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Zika Virus Outbreak

New Zika Vaccine Starts Wider Testing

Federal researchers said Friday they have started a new phase of testing a vaccine to protect against the Zika virus, which has been causing severe birth defects across the Americas.

The $100 million trial will test the experimental vaccine in 2,500 volunteers in the U.S., Mexico, Puerto Rico, Brazil and other countries affected by the mosquito-borne virus, the National Institutes of Health said.

Zika threat growing; additional 'aggressive' action needed, officials say 0:17

"A safe and effective Zika vaccine is urgently needed to prevent the often-devastating birth defects that can result from Zika virus infection during pregnancy," Dr. Anthony Fauci, director of the NIH's National Institute of Allergy and Infectious Diseases (NIAID), said.

"Evidence also is accumulating that Zika can cause a variety of health problems in adults as well."

The virus has been spread by mosquitoes in more than 80 countries. It can be spread sexually, as well. Once thought to be of no importance at all, Zika turns out to cause devastating birth defects in babies born to women who become infected while pregnant.

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Will microcephaly — a small and misshapen head — is the most obvious, babies have been born with a range of other defects as well, and the virus also can cause miscarriages.

Researchers rushed a vaccine into development when it became clear the virus was so harmful and was affecting tens of thousands of people.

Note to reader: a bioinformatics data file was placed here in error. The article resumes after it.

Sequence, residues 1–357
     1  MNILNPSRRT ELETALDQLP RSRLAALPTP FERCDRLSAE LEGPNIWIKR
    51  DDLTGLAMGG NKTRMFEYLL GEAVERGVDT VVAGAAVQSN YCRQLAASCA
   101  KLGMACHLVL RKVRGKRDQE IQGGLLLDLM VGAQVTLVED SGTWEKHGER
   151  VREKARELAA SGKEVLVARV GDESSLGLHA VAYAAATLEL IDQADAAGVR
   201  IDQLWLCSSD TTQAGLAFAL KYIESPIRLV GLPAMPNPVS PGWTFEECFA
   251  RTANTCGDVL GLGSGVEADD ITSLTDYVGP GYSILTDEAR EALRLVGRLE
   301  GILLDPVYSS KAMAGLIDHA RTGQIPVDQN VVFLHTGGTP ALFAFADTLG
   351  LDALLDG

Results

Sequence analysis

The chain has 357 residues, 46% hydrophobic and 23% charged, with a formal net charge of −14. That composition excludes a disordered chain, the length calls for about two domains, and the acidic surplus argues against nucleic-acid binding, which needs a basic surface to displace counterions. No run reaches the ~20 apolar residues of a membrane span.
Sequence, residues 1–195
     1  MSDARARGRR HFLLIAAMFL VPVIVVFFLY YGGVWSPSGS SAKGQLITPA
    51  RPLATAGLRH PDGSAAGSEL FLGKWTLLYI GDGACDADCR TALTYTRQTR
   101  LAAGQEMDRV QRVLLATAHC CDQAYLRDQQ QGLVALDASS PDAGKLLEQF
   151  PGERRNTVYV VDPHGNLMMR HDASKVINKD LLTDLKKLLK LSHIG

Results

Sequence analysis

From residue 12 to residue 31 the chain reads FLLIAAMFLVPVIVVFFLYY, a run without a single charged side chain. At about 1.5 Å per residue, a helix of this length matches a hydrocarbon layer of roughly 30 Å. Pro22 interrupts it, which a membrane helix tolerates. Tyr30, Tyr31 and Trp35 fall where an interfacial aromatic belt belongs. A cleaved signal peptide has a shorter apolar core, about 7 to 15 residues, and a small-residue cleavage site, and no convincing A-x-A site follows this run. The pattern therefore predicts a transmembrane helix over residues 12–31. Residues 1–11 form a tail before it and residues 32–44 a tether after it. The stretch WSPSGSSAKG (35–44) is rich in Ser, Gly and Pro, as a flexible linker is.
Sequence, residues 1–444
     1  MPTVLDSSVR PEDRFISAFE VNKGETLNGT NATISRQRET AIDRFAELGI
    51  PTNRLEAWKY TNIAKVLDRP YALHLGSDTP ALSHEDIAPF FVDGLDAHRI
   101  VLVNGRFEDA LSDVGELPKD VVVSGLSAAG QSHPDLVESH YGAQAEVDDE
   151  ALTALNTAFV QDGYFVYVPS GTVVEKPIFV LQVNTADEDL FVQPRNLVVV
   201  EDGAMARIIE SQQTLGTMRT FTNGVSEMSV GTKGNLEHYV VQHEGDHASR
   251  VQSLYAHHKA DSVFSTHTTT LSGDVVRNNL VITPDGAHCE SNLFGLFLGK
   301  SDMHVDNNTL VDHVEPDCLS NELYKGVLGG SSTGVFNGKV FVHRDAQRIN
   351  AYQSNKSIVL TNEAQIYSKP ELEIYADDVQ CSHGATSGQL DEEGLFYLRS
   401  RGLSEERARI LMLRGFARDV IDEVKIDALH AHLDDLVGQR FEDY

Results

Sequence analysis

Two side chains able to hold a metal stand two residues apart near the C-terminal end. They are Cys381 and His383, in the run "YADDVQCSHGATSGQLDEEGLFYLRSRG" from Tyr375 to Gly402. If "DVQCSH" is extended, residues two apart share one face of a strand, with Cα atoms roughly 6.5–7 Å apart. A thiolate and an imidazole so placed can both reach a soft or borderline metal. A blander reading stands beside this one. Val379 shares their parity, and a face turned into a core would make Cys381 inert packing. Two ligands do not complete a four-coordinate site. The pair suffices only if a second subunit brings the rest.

Several Zika vaccines are in early, Stage 1 or preclinical studies. This particular vaccine is the furthest along in development. It uses a small piece of DNA with a bit of Zika genetic material inserted.

It prompts an immune response against the virus, Fauci said.

"There are no safety concerns and the immune responses that we are getting are looking quite good so far," he told reporters.

Related: Early Trial Shows Striking Results for Zika Vaccine

How fast this stage of testing goes will depend on how bad outbreaks of Zika are in the countries taking part, and on how well the vaccine works, Fauci said. If it works very well to protect people against Zika, it's possible the U.S. Food and Drug Administration could speed its approval or allow emergency use, he said.

Although the threat is greatest to pregnant women, no pregnant women will be included in the trial, Fauci said. Eventually, if the vaccine or one of the other vaccines being tested gets approved, the plan would be to vaccinate children or teens against the virus so they are protected long before childbearing age.

The virus is likely to become endemic — a permanent resident — in parts of south and central America, Fauci said, and it's likely to cause periodic outbreaks in the U.S.

Travelers from affected regions bring the virus back when they become infected and if the Aedes aegypti mosquitoes that spread the virus live in the traveler's next stop, they can bite the infected person and themselves become infected.

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It's happened several times in south Florida and in south Texas.

And tens of thousands of Americans have been infected by travel — more than 43,000 in U.S. states and territories and probably far more never counted, Fauci said.

Of these, 5,000 are pregnant women. At least 54 babies have been born in the U.S. with Zika-linked birth defects and at least seven have miscarried or been aborted because of severe defects.

The NIH has been targeted by the Trump administration for billions of dollars in budget cuts, but Fauci said development of a vaccine was a priority for his agency and the funding was secure for this trial.

Future work is less certain.

"I really can't predict what the budget situation is going to be," he said.

Advanced development of a vaccine will involve a company, which can pay at least part of the costs, he said.